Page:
This past weekend, local designers Angelina Mata and Elizabeth Ciarfeo joined together to debut spring lines and raise funds for the Artist Foundation. Mata, the creative director for Southtown’s “Art of Fashion” show, usually uses the Contemporary Art Month event at Blue Star as the forum for her designs. The textually reversed “Fashion is Art” featured some new twists — a champagne brunch and runway show at Radius, showcasing Mata’s clothing paired with newfound collaborator Ciarfeo’s jewelry — but kept up Mata’s close ties to the art world.
When the Artist Foundation asked Mata to join their cause, Mata said, “I was in full support, because I’m a local artist, too. Raising funds for emerging, aspiring local artists is vital to recognizing and developing our community talent.” Brother John Mata, a visual artist with a current show at Sala Diaz, provided the background music and the late Reginald Rowe’s work graced the walls.
It seemed fitting that even though the time and venue were so different from Mata’s past performances, the sentiment was still the same. Mata even referenced her Southtown past with a mini-retrospective of her last four collections, including the “pique-nique” collection. I fondly remember this black, red, and white series of cheeky, Marie Antoinette-inspired bustle gowns and aprons debuting in the reflection of Linda Pace’s mirrored igloo at Blue Star in 2006.
Inspired by the artist Raoul Dufy, a French Fauvist painter known for his vibrant use of color, Mata debuted a series of sporty separates in briliant candy hues — orange, cobalt, strawberry, even sherbert green. Paired with now ubiquitous leggings (Lindsay Lohan, I blame you), sturdy handbags, and funky hats that combined a traditional baseball visor and what appeared to be soft-serve ice cream in the form of chiffon, these pieces had a more urban ’80s feel than we’ve seen from Mata in the past. Elizabeth Ciarfeo’s chunky bubblegum-ball bracelets and necklaces were spot on. It was evident that the two friends work well together.
“I’ve known Elizabeth for a while and admire her aesthetic. When she asked me to collaborate, I said ‘Definitely!’ We paired jewelry to go specifically with each outfit,” said Mata.
Mata continued her whimsical, theatrical feel with several sheer lace and illusion dresses (bodysuit required!), detailed with flowers and paired with gardening gloves, elaborate silk floral hats, and — a personal favorite — Wellies, the thick rubber boots favored by British outdoor types. Unfinished seams lent a rock-’n’-roll presence and balanced the super-sweetness.
In my opinion, Mata’s best work will always be her exquisitely constructed “Reinvintage” look, taking inspiration from the lines of the ’20s, ’30s and early ’40s. Mata reminded us of her cloche hats, long coats, and fur and beaded trim from past collections, then took the fall/winter look into the future with new work in a similar vein.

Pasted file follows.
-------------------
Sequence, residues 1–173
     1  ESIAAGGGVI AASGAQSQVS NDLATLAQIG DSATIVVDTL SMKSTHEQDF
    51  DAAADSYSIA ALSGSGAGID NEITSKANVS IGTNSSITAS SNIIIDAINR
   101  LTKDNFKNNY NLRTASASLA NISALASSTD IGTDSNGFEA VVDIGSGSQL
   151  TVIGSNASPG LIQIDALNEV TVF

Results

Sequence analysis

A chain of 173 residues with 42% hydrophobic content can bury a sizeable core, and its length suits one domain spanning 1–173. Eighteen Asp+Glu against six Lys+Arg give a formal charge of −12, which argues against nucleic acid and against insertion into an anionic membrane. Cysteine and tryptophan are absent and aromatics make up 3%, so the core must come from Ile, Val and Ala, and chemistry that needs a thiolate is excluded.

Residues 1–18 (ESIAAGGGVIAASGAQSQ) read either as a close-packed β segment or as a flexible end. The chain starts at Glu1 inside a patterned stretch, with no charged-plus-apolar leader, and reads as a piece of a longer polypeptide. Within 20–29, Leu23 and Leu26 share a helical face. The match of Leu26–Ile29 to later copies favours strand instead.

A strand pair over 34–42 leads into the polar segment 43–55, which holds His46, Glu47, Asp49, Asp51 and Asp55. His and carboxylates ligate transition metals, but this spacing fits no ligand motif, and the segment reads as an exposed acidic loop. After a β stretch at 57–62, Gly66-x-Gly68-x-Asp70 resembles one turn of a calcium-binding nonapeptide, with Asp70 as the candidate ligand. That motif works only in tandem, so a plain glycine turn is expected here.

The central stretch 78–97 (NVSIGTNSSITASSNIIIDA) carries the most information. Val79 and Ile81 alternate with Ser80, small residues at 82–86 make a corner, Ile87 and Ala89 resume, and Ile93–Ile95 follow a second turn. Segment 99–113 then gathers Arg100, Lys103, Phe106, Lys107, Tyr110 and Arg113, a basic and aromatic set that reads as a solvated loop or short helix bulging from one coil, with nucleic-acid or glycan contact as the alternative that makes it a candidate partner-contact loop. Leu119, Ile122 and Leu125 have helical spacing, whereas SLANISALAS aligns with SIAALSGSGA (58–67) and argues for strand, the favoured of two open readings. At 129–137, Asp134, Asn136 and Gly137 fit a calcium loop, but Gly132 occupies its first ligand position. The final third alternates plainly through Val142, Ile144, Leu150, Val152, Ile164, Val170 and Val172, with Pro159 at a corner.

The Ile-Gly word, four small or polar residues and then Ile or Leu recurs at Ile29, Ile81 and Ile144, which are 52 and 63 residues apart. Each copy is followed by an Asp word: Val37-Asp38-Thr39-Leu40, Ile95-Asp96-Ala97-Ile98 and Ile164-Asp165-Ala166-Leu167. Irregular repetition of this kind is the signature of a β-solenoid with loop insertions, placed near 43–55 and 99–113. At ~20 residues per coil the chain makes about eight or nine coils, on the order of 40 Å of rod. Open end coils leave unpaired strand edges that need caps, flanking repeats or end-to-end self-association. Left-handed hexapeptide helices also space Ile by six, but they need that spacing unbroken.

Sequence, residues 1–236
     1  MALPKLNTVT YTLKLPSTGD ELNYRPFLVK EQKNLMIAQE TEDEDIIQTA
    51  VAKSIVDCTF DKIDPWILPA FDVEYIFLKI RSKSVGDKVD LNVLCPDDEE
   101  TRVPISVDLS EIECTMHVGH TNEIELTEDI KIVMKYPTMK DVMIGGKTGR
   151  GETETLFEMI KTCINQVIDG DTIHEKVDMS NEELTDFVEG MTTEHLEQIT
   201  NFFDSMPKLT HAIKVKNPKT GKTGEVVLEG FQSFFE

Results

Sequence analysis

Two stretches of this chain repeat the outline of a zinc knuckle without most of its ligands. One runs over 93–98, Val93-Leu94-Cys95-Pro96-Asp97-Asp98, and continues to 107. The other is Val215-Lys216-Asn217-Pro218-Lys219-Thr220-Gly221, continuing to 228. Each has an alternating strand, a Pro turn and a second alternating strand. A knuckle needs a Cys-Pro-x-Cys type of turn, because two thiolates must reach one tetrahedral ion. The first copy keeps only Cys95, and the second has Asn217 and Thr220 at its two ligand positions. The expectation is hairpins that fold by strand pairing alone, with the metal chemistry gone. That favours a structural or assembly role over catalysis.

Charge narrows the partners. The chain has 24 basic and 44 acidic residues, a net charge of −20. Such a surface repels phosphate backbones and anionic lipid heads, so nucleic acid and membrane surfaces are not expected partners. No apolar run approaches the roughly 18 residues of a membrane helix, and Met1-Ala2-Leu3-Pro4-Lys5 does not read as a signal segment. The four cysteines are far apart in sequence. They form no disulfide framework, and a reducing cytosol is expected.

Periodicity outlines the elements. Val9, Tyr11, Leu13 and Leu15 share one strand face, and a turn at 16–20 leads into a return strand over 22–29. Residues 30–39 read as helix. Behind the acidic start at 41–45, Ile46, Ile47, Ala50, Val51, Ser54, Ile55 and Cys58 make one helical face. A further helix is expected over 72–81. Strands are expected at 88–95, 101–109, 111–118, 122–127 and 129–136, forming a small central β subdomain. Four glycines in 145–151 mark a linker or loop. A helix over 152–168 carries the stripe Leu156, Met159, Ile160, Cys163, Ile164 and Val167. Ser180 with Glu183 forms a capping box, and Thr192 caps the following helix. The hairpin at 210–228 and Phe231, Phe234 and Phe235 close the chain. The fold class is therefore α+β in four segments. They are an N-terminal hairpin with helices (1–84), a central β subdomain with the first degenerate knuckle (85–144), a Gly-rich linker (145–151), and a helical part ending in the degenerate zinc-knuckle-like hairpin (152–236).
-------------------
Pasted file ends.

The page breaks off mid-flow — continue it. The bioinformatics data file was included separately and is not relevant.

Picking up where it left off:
Sunday’s runway also included a soft retro palette of pinks, browns, and purples, and small, delicate prints perfect for spring. Bias-cut evening gowns skimmed and floated, low waistlines and handkerchief hems were jaunty and fun, and a profusion of ruffles and lace were grounded by the strict construction of obi-style belts and edgy ankle boots. Ciarfeo’s jewelry highlighted whispery necklines and sleeves with monumental, deco-style minerals and gemstones. Feminine, wearable details included blouson sleeves, capelet collars, lounging sets, scooped necklines, and peplum hems.
I usually go with one of Mata’s evening gowns or maxidresses as the highlight — she manages to make elegant look so comfortable — but my pick of the collection broke with history this time. A chartreuse pantsuit with high-waisted, belled trousers and a snug, cropped jacket accented with military gray and navy stripes emphasized sunny and smart — two happy-making key words for spring. It’s ironic that “Depression chic” and all the glamor and hope it represented is making such a comeback: Mata has been doing it well for years. •
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Your can’t-miss fashion event this weekend also earns double workout points: It’s the 85th Annual Junior League San Antonio rummage sale, being held at four Goodwill locations. Proceeds support the organizations’ community outreach and education programming. Look for the Julia’s Attic boutique areas, where you can fight over the items donated by JLSA ladies. Goodwill.org and jlsa.org for hours and store locations.
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